Here is a summer story that is a counterpoint to the daily gloom and doom in the news. It’s about healthcare innovation, unlocked by some of my favorite trends: democratization of innovation; low-cost startups; and the “death of geography”. On reflection, I am reminded of just what powerful drivers of better medicine and reduced healthcare costs these trends can be if they are allowed to flourish.
The story starts in mid-July, when I saw these two thought-leader tweets:
- Vinod Khosla: A pneumonia diagnosing stethoscope for the 2.1 million/yr kids dying from pneumonia—more than from HIV+malaria+measles http://bit.ly/NBxJWW
- Eric Topol: StethoCloud–invented by college students http://bit.ly/NptTS5 $20 digital stethoscope–>cloud to dx pneumonia by anyone.
Artificial Intelligence, Big data, Mobile App’s, Digital health
These tweets hit several of my “high interest” buttons, and I checked out the articles, expecting to read about another Silicon Valley or San Diego digital health startup. It turns out, this is a student team from Melbourne, Australia, who had been successful in an innovation competition. The concept combines digital health, a mobile app, cloud-based big data analysis of bio-signal patterns, and artificial intelligence to turn diagnosis (of respiratory disease such as pneumonia) from an art practiced solely by highly trained clinicians into something that can be done by a non-expert user (family member, or healthcare technician, for example).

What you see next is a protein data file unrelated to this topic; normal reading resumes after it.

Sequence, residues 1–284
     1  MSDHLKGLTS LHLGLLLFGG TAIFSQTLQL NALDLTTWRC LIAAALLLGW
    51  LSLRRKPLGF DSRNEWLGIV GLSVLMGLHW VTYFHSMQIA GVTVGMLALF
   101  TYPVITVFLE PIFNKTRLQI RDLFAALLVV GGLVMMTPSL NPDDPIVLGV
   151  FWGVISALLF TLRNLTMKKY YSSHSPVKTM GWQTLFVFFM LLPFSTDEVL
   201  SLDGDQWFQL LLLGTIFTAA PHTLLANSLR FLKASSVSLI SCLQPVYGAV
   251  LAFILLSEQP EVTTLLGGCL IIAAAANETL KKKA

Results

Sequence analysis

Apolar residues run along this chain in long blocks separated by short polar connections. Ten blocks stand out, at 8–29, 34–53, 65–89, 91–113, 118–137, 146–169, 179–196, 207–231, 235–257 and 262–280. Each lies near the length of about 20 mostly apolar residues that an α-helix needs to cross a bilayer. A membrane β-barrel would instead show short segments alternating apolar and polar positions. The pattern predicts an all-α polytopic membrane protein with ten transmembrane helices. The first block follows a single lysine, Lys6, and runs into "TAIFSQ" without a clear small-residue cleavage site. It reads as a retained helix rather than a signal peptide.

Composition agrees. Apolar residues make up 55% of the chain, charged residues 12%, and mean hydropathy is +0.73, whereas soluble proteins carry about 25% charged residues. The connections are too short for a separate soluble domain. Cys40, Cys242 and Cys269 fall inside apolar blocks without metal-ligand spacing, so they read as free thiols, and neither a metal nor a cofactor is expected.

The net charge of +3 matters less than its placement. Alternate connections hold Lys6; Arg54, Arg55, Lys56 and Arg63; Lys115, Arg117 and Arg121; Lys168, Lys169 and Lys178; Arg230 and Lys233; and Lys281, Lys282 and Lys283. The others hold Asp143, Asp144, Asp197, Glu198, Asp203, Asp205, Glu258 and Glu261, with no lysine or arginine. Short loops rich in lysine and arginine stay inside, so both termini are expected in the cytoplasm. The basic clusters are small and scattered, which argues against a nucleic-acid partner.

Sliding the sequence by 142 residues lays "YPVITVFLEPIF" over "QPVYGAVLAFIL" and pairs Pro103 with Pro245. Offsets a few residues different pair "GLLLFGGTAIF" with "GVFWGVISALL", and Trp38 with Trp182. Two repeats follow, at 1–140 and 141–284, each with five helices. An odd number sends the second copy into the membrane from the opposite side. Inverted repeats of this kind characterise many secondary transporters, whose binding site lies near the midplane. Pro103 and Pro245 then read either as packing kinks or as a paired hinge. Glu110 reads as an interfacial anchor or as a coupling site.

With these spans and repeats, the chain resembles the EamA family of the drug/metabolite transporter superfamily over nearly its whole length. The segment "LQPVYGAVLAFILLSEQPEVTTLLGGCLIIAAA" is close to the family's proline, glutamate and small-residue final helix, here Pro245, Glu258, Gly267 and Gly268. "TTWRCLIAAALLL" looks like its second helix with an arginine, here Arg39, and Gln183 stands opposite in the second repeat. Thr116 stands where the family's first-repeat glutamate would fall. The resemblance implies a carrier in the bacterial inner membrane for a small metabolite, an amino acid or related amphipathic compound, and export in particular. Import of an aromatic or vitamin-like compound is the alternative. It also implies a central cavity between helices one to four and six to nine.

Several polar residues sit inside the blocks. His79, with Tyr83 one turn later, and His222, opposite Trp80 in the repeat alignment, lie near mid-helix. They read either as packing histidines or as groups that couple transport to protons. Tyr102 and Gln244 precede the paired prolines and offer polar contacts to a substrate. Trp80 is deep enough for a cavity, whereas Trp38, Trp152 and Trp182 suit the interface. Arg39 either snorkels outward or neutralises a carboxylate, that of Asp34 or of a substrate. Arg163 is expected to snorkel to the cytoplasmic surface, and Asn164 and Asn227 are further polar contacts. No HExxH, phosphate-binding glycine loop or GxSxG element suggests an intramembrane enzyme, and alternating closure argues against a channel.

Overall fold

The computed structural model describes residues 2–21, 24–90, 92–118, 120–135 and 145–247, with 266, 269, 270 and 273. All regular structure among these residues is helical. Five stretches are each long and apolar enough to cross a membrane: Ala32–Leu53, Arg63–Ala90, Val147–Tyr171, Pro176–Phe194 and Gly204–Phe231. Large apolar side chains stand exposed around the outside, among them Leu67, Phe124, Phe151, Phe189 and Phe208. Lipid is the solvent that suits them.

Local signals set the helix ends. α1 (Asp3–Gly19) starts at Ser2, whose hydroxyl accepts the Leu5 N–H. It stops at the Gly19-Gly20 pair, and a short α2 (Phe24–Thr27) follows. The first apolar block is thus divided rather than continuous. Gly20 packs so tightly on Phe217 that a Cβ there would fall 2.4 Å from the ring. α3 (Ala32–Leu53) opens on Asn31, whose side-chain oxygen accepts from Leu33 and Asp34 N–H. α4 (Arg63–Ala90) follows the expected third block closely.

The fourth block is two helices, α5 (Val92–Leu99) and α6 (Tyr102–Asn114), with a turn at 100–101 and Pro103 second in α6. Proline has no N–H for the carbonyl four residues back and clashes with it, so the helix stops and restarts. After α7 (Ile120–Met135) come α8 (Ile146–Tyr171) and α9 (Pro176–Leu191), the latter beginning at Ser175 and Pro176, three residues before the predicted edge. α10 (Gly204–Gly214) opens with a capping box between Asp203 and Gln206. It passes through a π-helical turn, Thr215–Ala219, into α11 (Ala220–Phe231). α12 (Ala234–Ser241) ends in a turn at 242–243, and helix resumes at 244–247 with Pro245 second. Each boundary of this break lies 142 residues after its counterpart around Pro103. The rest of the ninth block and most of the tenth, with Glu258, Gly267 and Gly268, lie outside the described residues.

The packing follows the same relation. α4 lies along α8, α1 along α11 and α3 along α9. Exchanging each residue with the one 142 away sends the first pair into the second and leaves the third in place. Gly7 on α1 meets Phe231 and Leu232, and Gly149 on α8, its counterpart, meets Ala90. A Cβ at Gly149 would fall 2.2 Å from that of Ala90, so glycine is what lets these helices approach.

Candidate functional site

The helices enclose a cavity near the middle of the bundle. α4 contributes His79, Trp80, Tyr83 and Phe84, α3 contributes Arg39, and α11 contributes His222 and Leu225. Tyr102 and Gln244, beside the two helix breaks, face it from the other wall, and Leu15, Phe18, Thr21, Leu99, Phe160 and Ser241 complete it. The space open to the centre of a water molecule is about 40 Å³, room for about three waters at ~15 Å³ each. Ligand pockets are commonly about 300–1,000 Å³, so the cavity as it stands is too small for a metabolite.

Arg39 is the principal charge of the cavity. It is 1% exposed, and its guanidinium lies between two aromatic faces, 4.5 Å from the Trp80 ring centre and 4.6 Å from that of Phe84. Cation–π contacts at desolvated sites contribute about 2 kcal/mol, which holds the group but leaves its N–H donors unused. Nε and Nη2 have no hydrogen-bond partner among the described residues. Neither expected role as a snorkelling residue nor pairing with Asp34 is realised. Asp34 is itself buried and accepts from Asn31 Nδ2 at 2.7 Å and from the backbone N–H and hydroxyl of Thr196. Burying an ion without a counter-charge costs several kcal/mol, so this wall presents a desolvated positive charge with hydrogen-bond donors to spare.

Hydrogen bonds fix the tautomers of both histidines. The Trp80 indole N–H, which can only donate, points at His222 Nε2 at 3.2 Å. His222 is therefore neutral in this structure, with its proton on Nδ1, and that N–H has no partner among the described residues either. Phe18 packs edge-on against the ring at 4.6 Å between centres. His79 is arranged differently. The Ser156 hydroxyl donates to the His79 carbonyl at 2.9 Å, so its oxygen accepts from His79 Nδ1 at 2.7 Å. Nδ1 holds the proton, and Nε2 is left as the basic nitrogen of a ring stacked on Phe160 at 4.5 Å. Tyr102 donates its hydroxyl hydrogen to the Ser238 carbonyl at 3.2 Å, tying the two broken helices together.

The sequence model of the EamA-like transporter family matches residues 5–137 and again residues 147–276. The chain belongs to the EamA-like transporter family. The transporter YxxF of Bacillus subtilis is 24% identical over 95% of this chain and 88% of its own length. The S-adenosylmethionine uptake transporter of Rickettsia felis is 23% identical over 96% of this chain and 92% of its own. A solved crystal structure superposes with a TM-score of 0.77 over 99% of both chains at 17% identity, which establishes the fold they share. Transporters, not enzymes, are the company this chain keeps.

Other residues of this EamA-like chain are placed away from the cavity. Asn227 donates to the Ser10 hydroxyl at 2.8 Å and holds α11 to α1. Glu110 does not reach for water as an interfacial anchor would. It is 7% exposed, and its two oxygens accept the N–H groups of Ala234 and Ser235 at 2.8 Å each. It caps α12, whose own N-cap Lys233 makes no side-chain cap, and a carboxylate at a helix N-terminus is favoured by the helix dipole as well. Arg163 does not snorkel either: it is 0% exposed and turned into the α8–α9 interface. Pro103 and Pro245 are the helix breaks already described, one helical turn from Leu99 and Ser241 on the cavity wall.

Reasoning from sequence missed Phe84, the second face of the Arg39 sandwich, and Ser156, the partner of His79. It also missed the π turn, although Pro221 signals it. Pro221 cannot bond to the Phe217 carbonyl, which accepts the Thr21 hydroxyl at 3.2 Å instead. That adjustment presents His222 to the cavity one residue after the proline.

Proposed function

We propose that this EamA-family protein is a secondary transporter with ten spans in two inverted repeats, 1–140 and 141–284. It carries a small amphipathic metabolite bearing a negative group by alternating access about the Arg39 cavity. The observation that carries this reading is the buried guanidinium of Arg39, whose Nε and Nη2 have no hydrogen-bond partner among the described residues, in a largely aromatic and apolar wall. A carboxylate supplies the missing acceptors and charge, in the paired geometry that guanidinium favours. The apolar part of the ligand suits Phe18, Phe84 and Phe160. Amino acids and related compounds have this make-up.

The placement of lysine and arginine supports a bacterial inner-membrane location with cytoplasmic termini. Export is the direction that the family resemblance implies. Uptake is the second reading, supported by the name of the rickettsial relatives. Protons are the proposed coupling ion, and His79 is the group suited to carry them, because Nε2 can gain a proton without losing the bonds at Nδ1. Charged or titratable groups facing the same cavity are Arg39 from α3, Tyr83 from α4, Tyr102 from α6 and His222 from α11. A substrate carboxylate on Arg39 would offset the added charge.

Death of Geography
What happened next illustrates the powerful themes of death of geography and interconnectedness. I am pretty sure that even 5 years ago, the work of a Melbourne-based, student team would not have crossed the radar screens of US luminaries like Dr Topol and Vinod Khosla. But Twitter has changed that. And their tweets popped up on my radar screen, and it just so happened I was planning my annual trip “down under” (where I grew up).
So, I turned to LinkedIn, where I found the names of the Stethocloud student team with minimal effort, and where sending them a brief message took only a few keyboard clicks. My message was along the lines of “Cool stuff you are doing, Australian expat, long-time Si-valley-ite, returning for a visit, love to chat about your ideas”.
Within 24 hours, they replied along the lines of “We love talking about our ideas. How cool you tracked us down. Let’s meet”.
Two weeks later we were sitting across the table from each other and comparing notes. It was all effortless. No need for complex introductions, or intermediaries with Rolodexes. It just happened.
Democratization of innovation
When I met the Stethocloud team, and they showed me their prototype, I was extremely impressed to discover they had a quite complete, “proof of principle” prototype of the hardware component, a nice looking mobile app prototype, and a clear vision of how the cloud-based data analysis would operate both in the shorter term, as well as for more fully featured, future products. Not to mention the compelling vision and value statement, captured in Vinod Khosla’s tweet above.